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Pathogens 2018, 7(3), 59; https://doi.org/10.3390/pathogens7030059

Contribution of Epstein–Barr Virus Latent Proteins to the Pathogenesis of Classical Hodgkin Lymphoma

1
Institute for Cancer and Genomic Medicine, University of Birmingham, Birmingham B15 2TT, UK
2
Institute of Immunology and Immunotherapy, University of Birmingham, Birmingham B15 2TT, UK
3
Department of Clinical and Molecular Pathology, Institute of Molecular and Translational Medicine, Faculty of Medicine and Dentistry, Palacky University, 775 15 Olomouc, Czech Republic
*
Authors to whom correspondence should be addressed.
Received: 8 May 2018 / Revised: 19 June 2018 / Accepted: 20 June 2018 / Published: 27 June 2018
(This article belongs to the Special Issue Emerging Topics in Epstein-Barr virus-Associated Diseases)
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Abstract

Pathogenic viruses have evolved to manipulate the host cell utilising a variety of strategies including expression of viral proteins to hijack or mimic the activity of cellular functions. DNA tumour viruses often establish latent infection in which no new virions are produced, characterized by the expression of a restricted repertoire of so-called latent viral genes. These latent genes serve to remodel cellular functions to ensure survival of the virus within host cells, often for the lifetime of the infected individual. However, under certain circumstances, virus infection may contribute to transformation of the host cell; this event is not a usual outcome of infection. Here, we review how the Epstein–Barr virus (EBV), the prototypic oncogenic human virus, modulates host cell functions, with a focus on the role of the EBV latent genes in classical Hodgkin lymphoma. View Full-Text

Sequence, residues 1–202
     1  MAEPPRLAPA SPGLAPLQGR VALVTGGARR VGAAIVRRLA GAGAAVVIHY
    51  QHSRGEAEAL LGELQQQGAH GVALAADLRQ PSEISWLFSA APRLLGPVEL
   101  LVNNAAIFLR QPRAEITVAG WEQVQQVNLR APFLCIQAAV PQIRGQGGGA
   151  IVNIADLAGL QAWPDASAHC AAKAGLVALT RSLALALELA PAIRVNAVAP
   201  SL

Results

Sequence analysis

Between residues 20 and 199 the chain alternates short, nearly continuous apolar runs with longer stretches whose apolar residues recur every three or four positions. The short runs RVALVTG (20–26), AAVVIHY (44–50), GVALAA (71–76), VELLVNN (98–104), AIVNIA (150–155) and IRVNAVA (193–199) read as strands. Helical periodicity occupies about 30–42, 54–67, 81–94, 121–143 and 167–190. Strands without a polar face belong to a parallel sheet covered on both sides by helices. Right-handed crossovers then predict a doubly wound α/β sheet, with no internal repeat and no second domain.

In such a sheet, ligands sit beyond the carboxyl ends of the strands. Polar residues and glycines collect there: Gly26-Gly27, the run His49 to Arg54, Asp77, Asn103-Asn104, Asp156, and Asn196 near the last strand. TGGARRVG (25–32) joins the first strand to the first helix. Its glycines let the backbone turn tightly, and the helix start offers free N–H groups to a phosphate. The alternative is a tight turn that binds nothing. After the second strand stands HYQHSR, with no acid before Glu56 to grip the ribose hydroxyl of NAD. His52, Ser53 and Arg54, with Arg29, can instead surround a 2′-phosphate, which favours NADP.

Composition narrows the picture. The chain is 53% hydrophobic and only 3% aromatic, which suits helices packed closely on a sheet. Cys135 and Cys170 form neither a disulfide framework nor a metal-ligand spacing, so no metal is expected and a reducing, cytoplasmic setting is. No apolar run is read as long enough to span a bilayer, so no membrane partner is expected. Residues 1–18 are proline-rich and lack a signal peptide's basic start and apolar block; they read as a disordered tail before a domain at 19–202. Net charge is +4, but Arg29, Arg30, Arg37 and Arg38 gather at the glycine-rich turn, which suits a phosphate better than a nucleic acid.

Keywords: Epstein–Barr virus; Hodgkin lymphoma; latency; B cells Epstein–Barr virus; Hodgkin lymphoma; latency; B cells
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Vrzalikova, K.; Sunmonu, T.; Reynolds, G.; Murray, P. Contribution of Epstein–Barr Virus Latent Proteins to the Pathogenesis of Classical Hodgkin Lymphoma. Pathogens 2018, 7, 59.

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